How does the Binding of Isaac work as a story rather than a religious event?

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belarafon | High School Teacher | (Level 2) Educator Emeritus

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The Binding of Isaac, called the Akedah in Hebrew, is an event during Isaac's life in the Old Testament during which his father's faith in God was tested.

Abraham and his wife Sarah had tried to conceive for years, but only after an angel visited their house did she have a son. God then tested Abraham by ordering him to offer Isaac up as a sacrifice. Abraham carried out the order, all but the actual sacrifice, and God stayed his hand to recognize that he was truly faithful.

As a literary story, the Binding contains several common devices; in fact, it fits quite well into Joseph Campbell's Monomyth, or Hero's Quest. Abraham is given a task (Call to Adventure) from a supernatural source (God) and sets out on a quest. His goal is met with struggle (Abraham's own doubts, according to commentary) and he encounters fantastic things (the angel of God staying his hand, the miraculous appearance of a ram stuck in a bush) to claim his victory (proof of his faith). He receives great rewards (blessings of descendants and victory over enemies) and returns home with gifts (his family has many children, and in his prosperity he is able to find good wives for Isaac).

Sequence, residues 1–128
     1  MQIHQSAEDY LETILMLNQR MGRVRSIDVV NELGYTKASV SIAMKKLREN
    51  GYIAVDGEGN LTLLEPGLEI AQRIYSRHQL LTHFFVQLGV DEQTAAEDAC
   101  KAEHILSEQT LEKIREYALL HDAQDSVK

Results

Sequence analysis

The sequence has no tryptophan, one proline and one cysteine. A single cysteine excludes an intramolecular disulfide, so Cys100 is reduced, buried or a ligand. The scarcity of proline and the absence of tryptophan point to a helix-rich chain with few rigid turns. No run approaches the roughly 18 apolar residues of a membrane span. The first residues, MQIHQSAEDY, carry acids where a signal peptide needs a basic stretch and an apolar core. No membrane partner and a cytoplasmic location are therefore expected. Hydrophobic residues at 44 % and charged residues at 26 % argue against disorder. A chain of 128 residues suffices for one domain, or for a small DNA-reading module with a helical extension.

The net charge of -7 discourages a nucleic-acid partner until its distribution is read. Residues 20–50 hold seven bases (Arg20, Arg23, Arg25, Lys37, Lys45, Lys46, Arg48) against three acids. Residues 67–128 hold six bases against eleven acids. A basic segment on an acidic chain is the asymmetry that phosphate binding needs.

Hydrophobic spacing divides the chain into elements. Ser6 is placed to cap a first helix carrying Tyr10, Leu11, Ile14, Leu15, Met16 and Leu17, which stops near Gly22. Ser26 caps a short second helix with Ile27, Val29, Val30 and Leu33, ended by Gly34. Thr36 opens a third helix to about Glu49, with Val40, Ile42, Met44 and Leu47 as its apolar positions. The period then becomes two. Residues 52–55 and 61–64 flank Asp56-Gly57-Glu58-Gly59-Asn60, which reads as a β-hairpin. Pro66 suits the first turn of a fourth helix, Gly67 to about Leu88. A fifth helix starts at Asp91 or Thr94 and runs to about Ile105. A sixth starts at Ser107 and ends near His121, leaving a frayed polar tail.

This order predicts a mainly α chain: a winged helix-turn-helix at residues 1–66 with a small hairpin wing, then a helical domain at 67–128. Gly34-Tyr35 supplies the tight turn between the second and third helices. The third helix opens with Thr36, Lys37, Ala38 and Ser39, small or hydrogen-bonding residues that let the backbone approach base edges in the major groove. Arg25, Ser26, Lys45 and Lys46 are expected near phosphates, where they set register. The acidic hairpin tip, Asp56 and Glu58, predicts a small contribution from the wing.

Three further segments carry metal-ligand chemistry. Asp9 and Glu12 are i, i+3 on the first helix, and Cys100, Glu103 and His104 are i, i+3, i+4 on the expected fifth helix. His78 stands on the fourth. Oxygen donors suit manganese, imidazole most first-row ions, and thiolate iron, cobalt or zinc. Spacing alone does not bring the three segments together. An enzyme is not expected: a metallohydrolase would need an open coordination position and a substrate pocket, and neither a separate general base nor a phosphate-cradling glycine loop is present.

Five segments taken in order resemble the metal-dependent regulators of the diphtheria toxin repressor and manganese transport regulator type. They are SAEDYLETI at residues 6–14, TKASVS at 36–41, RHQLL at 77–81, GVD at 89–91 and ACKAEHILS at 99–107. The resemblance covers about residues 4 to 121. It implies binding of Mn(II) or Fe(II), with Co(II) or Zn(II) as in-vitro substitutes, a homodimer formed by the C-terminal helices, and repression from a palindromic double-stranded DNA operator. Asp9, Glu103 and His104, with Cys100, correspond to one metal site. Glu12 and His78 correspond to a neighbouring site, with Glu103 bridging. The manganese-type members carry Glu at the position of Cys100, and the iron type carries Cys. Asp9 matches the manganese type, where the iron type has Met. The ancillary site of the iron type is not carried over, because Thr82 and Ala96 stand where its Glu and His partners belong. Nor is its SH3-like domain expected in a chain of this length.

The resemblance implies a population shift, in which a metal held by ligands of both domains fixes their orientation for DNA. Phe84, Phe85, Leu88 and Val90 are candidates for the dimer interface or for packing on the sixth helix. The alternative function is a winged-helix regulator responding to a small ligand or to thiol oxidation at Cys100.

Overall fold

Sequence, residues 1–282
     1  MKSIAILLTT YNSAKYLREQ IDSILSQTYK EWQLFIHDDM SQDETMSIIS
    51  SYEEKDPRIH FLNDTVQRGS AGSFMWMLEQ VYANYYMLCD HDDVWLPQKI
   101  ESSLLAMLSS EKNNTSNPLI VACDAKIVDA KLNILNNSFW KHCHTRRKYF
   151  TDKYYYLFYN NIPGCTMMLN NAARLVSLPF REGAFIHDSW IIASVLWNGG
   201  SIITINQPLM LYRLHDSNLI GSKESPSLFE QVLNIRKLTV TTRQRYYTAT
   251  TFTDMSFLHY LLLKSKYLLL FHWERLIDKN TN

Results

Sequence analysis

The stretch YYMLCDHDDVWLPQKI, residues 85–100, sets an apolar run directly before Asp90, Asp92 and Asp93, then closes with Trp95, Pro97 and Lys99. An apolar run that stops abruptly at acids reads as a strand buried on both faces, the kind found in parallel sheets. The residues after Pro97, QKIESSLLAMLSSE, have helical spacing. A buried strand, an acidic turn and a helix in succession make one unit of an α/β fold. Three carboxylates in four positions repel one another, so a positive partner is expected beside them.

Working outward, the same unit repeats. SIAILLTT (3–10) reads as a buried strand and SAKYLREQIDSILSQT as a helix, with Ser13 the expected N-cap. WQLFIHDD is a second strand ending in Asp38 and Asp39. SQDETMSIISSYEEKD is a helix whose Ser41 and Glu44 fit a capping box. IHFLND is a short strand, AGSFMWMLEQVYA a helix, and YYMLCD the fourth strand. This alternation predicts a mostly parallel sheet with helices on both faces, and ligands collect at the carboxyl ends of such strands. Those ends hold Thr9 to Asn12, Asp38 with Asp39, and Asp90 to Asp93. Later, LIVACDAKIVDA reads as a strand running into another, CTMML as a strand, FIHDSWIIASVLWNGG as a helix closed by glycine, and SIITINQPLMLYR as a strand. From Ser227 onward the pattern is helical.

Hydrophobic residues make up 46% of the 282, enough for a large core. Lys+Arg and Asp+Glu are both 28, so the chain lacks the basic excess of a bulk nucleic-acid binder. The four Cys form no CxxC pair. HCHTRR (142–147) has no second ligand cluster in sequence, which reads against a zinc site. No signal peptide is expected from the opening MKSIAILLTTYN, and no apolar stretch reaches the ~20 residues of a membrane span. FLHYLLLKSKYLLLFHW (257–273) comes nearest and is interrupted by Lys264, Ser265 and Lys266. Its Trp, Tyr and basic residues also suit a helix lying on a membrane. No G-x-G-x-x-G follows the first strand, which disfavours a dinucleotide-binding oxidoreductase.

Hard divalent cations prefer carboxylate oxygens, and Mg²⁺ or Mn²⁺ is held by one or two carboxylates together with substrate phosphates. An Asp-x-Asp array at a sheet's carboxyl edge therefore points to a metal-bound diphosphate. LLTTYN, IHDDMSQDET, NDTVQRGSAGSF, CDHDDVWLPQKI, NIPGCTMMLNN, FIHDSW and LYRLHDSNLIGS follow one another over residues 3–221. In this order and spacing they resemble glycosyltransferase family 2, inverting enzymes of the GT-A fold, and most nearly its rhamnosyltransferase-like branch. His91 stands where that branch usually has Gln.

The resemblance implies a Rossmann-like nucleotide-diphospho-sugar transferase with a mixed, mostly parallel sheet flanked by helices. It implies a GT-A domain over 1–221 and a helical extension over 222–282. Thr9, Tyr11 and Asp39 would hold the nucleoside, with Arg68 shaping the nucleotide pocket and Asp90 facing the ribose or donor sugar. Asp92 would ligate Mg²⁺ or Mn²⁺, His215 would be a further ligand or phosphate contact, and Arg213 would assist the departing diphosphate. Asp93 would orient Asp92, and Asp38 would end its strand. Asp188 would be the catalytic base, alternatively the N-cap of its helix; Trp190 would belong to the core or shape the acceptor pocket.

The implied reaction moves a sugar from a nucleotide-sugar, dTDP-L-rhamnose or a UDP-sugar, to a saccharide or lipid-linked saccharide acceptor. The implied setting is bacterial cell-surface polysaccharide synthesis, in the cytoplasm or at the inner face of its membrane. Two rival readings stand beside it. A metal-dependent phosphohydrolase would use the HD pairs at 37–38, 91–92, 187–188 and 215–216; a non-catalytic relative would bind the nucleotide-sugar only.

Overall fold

Abraham acts as the protagonist, with a difficult -- even impossible -- task, that of sacrificing his only son. However, his faith is strong enough that he acts only in his God's will, and although the story is so short that it encompasses only the brief overview of the monomyth, it still shows setup (God's command), tension (will Isaac die for Abraham's faith?), and resolution (Isaac lives as a symbol of faith).


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